Chapter 16.3: Absolute Age Dating
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Chapter 16.3: Absolute Age Dating

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Grade 8 Integrated Science Chapter 16 Lesson 3 on absolute age dating of fossils. This lesson follows the last lesson about relative age dating. This chapter describes radiometric age dating with ...

Grade 8 Integrated Science Chapter 16 Lesson 3 on absolute age dating of fossils. This lesson follows the last lesson about relative age dating. This chapter describes radiometric age dating with explanations of radioactive decay and half-life. There is also a short explanation of igneous, metamorphic, and sedimentary age dating. The goal is that students understand radioactive decay, half-life, and how this can be used to determine the age of carbon fossils and different types of rocks.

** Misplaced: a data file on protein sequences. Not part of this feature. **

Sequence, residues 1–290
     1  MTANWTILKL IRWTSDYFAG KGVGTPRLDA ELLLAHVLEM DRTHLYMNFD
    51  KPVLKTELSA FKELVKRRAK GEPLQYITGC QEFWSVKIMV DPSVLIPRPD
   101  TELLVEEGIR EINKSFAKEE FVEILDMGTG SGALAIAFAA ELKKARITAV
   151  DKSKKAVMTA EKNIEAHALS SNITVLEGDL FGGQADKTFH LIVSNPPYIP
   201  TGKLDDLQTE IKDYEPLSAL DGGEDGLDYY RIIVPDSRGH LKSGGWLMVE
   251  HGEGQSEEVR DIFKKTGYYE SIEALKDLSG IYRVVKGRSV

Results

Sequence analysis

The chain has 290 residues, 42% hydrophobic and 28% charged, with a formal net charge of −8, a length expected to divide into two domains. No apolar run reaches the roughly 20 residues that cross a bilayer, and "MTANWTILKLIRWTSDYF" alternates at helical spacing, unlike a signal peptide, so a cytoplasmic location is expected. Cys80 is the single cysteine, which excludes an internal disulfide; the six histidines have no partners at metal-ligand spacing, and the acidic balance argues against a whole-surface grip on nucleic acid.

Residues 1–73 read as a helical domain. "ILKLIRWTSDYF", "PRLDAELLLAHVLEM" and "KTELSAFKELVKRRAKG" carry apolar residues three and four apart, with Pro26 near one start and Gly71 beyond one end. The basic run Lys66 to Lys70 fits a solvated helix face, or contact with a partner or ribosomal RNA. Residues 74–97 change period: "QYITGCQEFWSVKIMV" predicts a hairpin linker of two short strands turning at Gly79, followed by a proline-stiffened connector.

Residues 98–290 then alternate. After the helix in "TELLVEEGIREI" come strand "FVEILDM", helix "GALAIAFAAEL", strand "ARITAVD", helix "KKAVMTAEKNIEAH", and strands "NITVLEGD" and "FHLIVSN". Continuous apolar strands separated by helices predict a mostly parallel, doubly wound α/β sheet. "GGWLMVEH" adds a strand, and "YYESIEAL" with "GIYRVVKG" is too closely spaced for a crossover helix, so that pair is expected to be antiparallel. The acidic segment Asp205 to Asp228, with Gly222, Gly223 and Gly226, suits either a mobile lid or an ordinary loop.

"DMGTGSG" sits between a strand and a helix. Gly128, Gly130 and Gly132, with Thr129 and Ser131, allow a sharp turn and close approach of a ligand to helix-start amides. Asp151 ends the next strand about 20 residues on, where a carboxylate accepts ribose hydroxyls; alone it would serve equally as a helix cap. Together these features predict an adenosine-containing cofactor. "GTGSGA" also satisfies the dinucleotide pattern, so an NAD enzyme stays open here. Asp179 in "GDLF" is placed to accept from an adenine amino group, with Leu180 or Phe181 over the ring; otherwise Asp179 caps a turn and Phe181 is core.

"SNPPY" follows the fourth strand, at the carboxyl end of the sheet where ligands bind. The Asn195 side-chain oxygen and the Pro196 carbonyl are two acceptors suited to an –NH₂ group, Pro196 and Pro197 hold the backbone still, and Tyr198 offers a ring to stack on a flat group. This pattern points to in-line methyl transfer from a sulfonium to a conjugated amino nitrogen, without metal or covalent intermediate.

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Chapter 16.3: Absolute Age Dating Chapter 16.3: Absolute Age Dating Presentation Transcript

  • Absolute Age Dating Chapter 16 Lesson 3 p 582-589
  • Vocabulary • Absolute age (583) – the numerical age, in years, of a rock or object • Isotope (584) – atoms of the same element that have different numbers of neutrons • Radioactive decay (584) – the process by which an unstable element naturally changes into another element that is stable • Half-life (585) – the time required for half of the parent isotopes to decay into daughter isotopes